Got a new laptop? Plug it in, boot it up and use it for a week or two. Pick up a bottle of that new skin cream from your favorite makeup line? Go ahead, open ‘er up, test for a few days and share your thoughts. Bought that book you’ve had on your wish list for months? Read up to the halfway point to see if it’s for you (but don’t spoil any plot twists for your viewers!)

One of the most frustrating things about bad review videos is when you can tell the reviewer based their review on pre-conceived notions about the product, and didn’t use it enough to provide an unbiased rundown (for example, when a Mac or Windows loyalist reviews an operating system and pans it, mostly based on personal subjective opinion or false information, with no performance data to support their points).

Make solid arguments
Product review videos are about your opinion of the product when it’s put to the test by an average user. They’re subjective, which is part of why product review videos are so fun to make and watch!

This is one of Skallagrim’s most important points. For example, if you’re reviewing a knife, “Don’t say I don’t like the blade. Why don’t you like it? Is it the wrong blade shape or cross-section for the kind of purpose that this item is advertised for? That’s a perfectly good argument”

Also, “be aware of what you know for sure. Don’t jump to conclusions and make assertions, and thereby spread misinformation. Do your research beforehand and if you can’t figure it out, just say you don’t know, or don’t say anything about it.”Ú

Summarize your points at the end of your video
Any good product review is full of specific, helpful details about your experience with the product, and what the pros and cons are of using it for its advertised purpose. Since we have such short memories and attention spans, it’s best to summarize these major points in text at the end of your video.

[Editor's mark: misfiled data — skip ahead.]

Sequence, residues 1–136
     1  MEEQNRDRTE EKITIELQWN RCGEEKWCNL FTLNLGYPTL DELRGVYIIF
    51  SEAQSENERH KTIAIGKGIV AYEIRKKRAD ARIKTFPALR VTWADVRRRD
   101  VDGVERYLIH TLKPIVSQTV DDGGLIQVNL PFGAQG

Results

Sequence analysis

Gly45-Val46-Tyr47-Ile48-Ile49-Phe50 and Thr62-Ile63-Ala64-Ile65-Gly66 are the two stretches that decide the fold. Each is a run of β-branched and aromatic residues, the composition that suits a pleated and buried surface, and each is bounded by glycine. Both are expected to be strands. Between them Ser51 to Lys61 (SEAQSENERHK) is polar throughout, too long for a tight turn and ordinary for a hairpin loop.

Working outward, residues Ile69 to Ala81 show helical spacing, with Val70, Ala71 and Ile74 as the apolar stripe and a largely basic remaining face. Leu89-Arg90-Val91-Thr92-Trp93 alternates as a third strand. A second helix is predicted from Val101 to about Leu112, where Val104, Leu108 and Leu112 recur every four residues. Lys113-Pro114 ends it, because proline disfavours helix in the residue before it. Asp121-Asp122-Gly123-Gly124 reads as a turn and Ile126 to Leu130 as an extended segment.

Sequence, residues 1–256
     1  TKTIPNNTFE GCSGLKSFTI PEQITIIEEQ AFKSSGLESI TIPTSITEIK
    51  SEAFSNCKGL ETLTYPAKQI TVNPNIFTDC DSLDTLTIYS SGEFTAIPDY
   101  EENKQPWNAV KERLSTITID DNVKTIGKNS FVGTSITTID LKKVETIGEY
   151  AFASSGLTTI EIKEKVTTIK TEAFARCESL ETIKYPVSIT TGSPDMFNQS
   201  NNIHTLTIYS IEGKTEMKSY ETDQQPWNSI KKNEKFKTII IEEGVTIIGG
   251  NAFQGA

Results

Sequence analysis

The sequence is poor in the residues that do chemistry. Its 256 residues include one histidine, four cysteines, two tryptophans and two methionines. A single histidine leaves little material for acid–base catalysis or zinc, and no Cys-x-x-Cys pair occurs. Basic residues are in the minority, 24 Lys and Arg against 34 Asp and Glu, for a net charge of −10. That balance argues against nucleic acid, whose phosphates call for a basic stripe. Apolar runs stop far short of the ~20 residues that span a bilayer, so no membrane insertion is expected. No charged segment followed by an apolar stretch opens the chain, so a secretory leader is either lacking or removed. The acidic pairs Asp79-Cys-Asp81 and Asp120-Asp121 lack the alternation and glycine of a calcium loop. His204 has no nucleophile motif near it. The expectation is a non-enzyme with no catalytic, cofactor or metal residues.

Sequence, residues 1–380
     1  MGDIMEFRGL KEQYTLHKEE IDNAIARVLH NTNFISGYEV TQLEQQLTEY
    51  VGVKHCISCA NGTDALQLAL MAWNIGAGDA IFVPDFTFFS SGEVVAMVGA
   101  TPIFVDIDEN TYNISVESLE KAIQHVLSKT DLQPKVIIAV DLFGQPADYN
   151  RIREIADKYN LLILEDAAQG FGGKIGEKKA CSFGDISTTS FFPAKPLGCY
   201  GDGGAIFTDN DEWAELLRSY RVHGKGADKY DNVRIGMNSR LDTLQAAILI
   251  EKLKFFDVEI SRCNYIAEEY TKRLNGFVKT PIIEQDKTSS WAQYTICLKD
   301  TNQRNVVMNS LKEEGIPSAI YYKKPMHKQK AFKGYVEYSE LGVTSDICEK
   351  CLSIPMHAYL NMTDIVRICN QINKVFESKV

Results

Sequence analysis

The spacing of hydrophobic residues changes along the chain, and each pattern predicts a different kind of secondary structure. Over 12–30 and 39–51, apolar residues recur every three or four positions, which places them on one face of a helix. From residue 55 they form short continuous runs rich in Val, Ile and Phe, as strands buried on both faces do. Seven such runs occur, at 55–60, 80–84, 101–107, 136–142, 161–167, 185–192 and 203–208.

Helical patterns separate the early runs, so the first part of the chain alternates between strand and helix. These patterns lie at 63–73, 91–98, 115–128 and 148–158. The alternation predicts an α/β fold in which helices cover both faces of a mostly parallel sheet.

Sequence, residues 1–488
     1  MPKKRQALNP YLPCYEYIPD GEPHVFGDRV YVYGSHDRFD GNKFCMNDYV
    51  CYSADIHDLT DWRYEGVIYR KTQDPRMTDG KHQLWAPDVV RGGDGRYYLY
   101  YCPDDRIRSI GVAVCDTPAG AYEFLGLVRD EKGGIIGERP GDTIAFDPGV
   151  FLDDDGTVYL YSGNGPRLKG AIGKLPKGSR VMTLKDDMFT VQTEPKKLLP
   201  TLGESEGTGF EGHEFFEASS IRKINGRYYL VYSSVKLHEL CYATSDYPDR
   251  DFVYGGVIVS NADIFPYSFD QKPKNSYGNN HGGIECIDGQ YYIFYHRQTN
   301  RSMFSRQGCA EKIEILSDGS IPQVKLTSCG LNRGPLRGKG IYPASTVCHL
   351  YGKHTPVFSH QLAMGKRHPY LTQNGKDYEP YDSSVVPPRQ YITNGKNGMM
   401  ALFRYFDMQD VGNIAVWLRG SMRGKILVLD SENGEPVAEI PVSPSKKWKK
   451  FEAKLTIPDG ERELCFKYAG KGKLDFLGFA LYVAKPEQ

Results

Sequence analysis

Do a followup video
Want to create an incredibly useful product review video? Mark your calendar and follow up on your initial review six months to a year after you’ve bought the product. Did it hold up to your original expectations for a product in that price range? Fail miserably? Somewhere in between?

Most review videos focus on initial impressions after a week or two of use, but people who place high value on a product’s longevity and performance will appreciate a long-term user’s perspective.

Use the right equipment
Camera shake, a dead battery, bad audio or other issues can derail a great video. You want the focus to be on your content, not on pesky technical issues.

Set yourself up for success by purchasing the following equipment:

– Tripod
– Camera or DSLR with live recording capability
– Good quality microphone
– Battery charger
– Additional battery

Zoom in on the items you’ll be featuring so your viewers can see them up close. YouTuber guerillabill suggests zooming to the area you’ll be recording first and applying masking tape around the area you’ll be using, so you’ll know where to put your hands when you’re showing things on-screen, so your hands show on the video.

Reviewing electronics? Do a rundown of the major features, turning the item so your viewers can see them.